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Measuring Perceived Change in Mobility and Balance in Older Adults: A Mixed-Methods Approach

Hile, Elizabeth S. (2010) Measuring Perceived Change in Mobility and Balance in Older Adults: A Mixed-Methods Approach. Doctoral Dissertation, University of Pittsburgh. (Unpublished)

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Background/ Purpose: A priority in healthcare for older adults is to detect declines in mobility and balance before falls occur with potential consequences of morbidity, disability, even mortality. Self-report and performance measures have varying degrees of respondent and administrative burden. We investigated the role of a single global self-rating in the detection of mobility decline. Change by repeated self-rated mobility state was compared to transition rating of self-perceived change over six months. Additionally, repeated state and transition reported change were compared with performance change. We anticipated discordance, and explored the support for potential theories to explain discordance. Methods: Using a prospective, exploratory, observational cohort study with mixed-methods analysis, we focused on the natural history of age-related mobility change. Community-dwelling older adults provided state and transition global ratings of mobility and balance over six months, and completed questionnaires and performance tests of physical function. A subset of the older adults participated in semi-structured interviews to identify themes for domain definitions of mobility and balance, and the timeframe and frames of reference used for state ratings. Analyses included correlations for agreement between measures, and comparisons of means to investigate groups established based on discordance.Results: Participants, n=104, had data at two consecutive time points, and 33 participated in interviews. Domain definitions and state timeframes varied. Two main frames of reference were identified. The serial state and transition based rating of change were discordant, as were self-rated and performance change. Nearly 75 percent of those with gait speed decline of at least 0.10 m/s reported worsening by transition, and about 25 percent selected a lower state rating.Conclusions: Transition ratings appear more sensitive than serial state ratings for detection of decline in gait speed, while decline by serial state rating may be more specific to larger performance changes. Self-ratings appear to communicate valuable information about mobility and balance not available from other measures, and we recommend an expanded use of open-ended questions in research and clinical practice.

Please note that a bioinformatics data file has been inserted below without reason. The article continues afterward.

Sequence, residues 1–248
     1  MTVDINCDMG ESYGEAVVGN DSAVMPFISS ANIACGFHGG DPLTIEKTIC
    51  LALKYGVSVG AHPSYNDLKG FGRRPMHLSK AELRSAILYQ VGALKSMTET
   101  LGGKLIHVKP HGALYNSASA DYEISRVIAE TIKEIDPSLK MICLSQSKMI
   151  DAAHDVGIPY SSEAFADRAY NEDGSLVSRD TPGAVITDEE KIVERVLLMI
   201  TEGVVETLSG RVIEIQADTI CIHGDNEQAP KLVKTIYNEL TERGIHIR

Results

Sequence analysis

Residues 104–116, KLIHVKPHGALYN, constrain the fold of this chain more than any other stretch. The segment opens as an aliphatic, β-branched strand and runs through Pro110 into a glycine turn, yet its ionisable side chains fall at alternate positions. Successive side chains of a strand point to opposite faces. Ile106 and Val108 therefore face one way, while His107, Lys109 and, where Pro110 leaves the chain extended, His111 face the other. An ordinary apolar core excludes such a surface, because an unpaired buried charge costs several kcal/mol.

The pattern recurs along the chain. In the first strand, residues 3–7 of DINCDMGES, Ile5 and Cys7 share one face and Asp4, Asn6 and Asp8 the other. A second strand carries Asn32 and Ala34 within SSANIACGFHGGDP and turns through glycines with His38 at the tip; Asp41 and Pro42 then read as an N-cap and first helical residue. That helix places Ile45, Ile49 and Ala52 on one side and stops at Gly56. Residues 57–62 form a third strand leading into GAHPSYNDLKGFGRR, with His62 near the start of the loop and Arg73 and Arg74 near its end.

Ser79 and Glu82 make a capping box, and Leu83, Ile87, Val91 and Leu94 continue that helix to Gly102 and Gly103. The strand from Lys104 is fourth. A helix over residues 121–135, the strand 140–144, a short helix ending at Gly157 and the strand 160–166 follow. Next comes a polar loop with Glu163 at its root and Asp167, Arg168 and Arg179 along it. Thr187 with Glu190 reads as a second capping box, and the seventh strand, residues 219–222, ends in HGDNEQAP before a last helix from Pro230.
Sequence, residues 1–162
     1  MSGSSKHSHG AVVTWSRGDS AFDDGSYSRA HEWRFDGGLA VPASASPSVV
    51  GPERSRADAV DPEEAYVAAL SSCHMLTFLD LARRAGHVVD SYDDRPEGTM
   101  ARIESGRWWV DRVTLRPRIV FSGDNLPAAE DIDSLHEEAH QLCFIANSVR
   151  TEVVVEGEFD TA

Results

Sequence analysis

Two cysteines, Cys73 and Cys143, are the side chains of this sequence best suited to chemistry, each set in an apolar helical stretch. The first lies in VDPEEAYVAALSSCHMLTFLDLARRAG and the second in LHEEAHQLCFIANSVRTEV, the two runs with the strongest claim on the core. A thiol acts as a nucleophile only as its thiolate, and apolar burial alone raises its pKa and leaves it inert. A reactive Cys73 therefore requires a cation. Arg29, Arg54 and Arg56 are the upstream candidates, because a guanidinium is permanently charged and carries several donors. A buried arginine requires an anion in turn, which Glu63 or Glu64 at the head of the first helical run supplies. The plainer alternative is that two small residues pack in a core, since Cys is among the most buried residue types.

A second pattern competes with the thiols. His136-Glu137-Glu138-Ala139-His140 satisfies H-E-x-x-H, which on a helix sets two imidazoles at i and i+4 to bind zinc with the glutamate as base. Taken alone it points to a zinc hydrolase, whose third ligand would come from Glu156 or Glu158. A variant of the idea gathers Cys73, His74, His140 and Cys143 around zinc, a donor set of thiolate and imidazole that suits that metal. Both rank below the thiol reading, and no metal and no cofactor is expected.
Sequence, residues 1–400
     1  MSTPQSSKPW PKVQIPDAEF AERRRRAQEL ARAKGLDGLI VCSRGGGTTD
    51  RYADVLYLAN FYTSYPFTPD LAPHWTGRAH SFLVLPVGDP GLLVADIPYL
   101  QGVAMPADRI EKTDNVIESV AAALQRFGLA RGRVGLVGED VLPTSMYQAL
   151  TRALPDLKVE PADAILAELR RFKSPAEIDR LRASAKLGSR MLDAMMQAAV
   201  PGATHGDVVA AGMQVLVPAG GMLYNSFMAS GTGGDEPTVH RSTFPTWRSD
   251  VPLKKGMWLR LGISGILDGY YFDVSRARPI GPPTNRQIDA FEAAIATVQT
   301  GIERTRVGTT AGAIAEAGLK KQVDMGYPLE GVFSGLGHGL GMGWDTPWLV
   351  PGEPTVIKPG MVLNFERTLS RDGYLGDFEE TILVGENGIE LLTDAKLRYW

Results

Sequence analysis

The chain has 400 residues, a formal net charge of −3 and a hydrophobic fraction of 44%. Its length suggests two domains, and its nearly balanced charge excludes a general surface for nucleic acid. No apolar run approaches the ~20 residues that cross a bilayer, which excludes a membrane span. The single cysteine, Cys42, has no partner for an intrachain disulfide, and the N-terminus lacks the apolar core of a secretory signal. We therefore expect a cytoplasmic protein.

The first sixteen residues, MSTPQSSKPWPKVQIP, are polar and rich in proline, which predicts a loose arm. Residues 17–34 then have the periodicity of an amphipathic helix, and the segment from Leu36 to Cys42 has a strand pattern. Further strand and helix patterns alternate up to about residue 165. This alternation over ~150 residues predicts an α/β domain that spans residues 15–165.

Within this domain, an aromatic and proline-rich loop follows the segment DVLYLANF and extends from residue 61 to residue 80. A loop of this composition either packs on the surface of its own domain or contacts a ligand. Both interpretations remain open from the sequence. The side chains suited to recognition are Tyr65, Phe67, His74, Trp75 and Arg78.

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Item Type: University of Pittsburgh ETD
Status: Unpublished
CreatorsEmailPitt UsernameORCID
Hile, Elizabeth S.ehile@pitt.eduEHILE
ETD Committee:
TitleMemberEmail AddressPitt UsernameORCID
Committee CoChairVanSwearingen, Jessiejessievs@pitt.eduJESSIEVS
Committee CoChairStudenski, Stephaniesas33@pitt.eduSAS33
Committee MemberBrach, Jenniferjbrach@pitt.eduJBRACH
Committee MemberPerera, Subashanksp9@pitt.eduKSP9
Committee MemberZickmund, Susanslz9@pitt.eduSLZ9
Date: 19 August 2010
Date Type: Completion
Defense Date: 13 July 2010
Approval Date: 19 August 2010
Submission Date: 30 July 2010
Access Restriction: No restriction; Release the ETD for access worldwide immediately.
Institution: University of Pittsburgh
Schools and Programs: School of Health and Rehabilitation Sciences > Rehabilitation Science
Degree: PhD - Doctor of Philosophy
Thesis Type: Doctoral Dissertation
Refereed: Yes
Uncontrolled Keywords: aging; mobility; self-report
Other ID:, etd-07302010-161835
Date Deposited: 10 Nov 2011 19:55
Last Modified: 15 Nov 2016 13:47


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